Lost Islands Of The Singapore River – Part 2

…continued from Part 1

Sorry for the delay in Part 2 due to my poor health for the past few weeks.

It will be interesting to note the differences when we compared the old map of Singapore River with the current one. There seems to be more sources and the river seems longer in the past.

The area around and along the Singapore River was swampy and muddy even before the colonial times. This can be seen from most old maps of the Singapore River.

Credit : The Singapore River, A Social History 1819 – 2002, Stephen Dodds, Singapore University Press

As you can see from the above map, there were many sources of the river. Some seem to be at the foot of Fort Canning Hill (known as Bukit Larangan in the past), and Pearl’s Hill (known as Mt. Stamford in the past). Also from the above map, you will note that the areas near the Singapore River were mainly marsh (a marsh is a wetland submerged by water).

Let’s start with Area 1 (from the above map);

As shown above, this Area 1(island) is prone to flooding at the South Bank. What I’ve read was that the Area 1 at South Bank was raised and the marsh behind filled to overcome the flooding. This should be around 1822. So maps after 1822 may not show this island Area 1, I think so.

Area 2;

Credit : The Singapore River, A Social History 1819 – 2002, Stephen Dodds, Singapore University Press

From 1869, the area above Coleman Bridge were filled up to prevent flood and thus more godowns were built. As such, pollution of the river was another problem to be fixed from 1870 to 1970. Before 1860, most commercial activities were below Elgin Bridge and seldom up to Coleman Bridge and above.

Area 3;

This is the triangular shaped Pulau Saigon which Victor ever mentioned in the comments in my previous post. In Chinese, it’s called 浮罗西贡. Before I proceed on, I would like to highlight why sometimes it’s called “Pulau Saigon” while in some street directories, you see “Pulo Saigon”. Javanese called “Pulo“, while Indonesian called “Pulau“, both mean Island.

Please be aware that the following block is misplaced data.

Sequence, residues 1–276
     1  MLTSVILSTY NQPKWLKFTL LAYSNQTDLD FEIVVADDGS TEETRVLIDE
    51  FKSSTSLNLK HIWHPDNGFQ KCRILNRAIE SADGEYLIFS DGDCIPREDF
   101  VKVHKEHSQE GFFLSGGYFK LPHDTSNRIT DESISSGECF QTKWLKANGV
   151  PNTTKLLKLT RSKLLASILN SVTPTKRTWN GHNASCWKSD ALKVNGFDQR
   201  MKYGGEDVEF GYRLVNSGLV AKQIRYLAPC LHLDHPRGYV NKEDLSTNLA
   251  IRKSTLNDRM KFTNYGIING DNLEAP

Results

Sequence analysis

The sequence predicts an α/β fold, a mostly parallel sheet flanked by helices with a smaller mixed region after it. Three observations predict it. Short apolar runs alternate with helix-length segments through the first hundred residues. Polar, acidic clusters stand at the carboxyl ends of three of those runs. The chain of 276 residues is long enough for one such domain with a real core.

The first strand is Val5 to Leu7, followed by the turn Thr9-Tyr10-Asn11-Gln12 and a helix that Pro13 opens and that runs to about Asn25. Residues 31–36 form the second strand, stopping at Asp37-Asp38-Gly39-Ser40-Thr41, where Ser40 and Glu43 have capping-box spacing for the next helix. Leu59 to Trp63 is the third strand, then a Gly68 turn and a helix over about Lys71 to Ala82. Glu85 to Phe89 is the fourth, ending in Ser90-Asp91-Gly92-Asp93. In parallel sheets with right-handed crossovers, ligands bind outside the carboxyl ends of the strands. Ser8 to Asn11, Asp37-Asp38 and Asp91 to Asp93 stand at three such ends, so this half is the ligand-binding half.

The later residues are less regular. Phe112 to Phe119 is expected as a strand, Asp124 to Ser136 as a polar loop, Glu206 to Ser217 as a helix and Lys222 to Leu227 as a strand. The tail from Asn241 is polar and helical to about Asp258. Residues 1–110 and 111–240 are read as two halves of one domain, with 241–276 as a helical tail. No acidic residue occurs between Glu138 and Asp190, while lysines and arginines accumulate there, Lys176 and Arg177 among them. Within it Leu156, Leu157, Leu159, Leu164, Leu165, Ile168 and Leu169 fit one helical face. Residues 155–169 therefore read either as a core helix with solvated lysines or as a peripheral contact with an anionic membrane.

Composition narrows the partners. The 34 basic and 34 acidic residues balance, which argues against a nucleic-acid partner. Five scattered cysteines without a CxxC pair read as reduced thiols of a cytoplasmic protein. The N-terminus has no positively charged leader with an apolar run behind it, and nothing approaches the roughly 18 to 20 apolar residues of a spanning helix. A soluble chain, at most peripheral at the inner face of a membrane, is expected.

I have always wonder why it is called “Saigon”? Anyone has any idea?

Frankly even during my early visits to the Singapore River in the late 60s or early 70s, I don’t remember seeing any Pulau Saigon. Maybe I was too young to remember it…Peter, Chun See or Victor may have some memories of it.

When I took a look at my old Singapore Street Directory (the early 70s Chinese edition), the only thing I can find is the Pulau Saigon Road. You can find a footbridge to the north of this road. The original Pulau Saigon Bridge was built in 1890, but demolished in 1986. The reason for the demolition was that the Bridge was too old and it blocked the development of Central Expressway.

Pulau Saigon Bridge was also called Footbridge because the completion of Clemenceau Bridge in 1922 forestalled any need of developing it further and its status as a pedestrian bridge was maintained.

The map below shows 2 bridges connected to the Pulau Saigon island;

Credit : Old map from Cornell Education.

A new Pulau Saigon Bridge was constructed near the former location of the original Pulau Saigon Island as an extension of Saiboo Street. Before reclamation works merged the Pulau Saigon Island with the south bank of the river, there used to be two bridges which connected the island to both river banks. Both bridges were demolished by 1986. – BY National Heritage Board

Credit : Chief Surveyor, Survey Dept. Ministry of Law

This is how the Pulau Saigon looked like in 1900;

Credit : National Archives of Singapore, PICAS

Below shows the Pulau Saigon Bridge;

Credit : National Heritage Board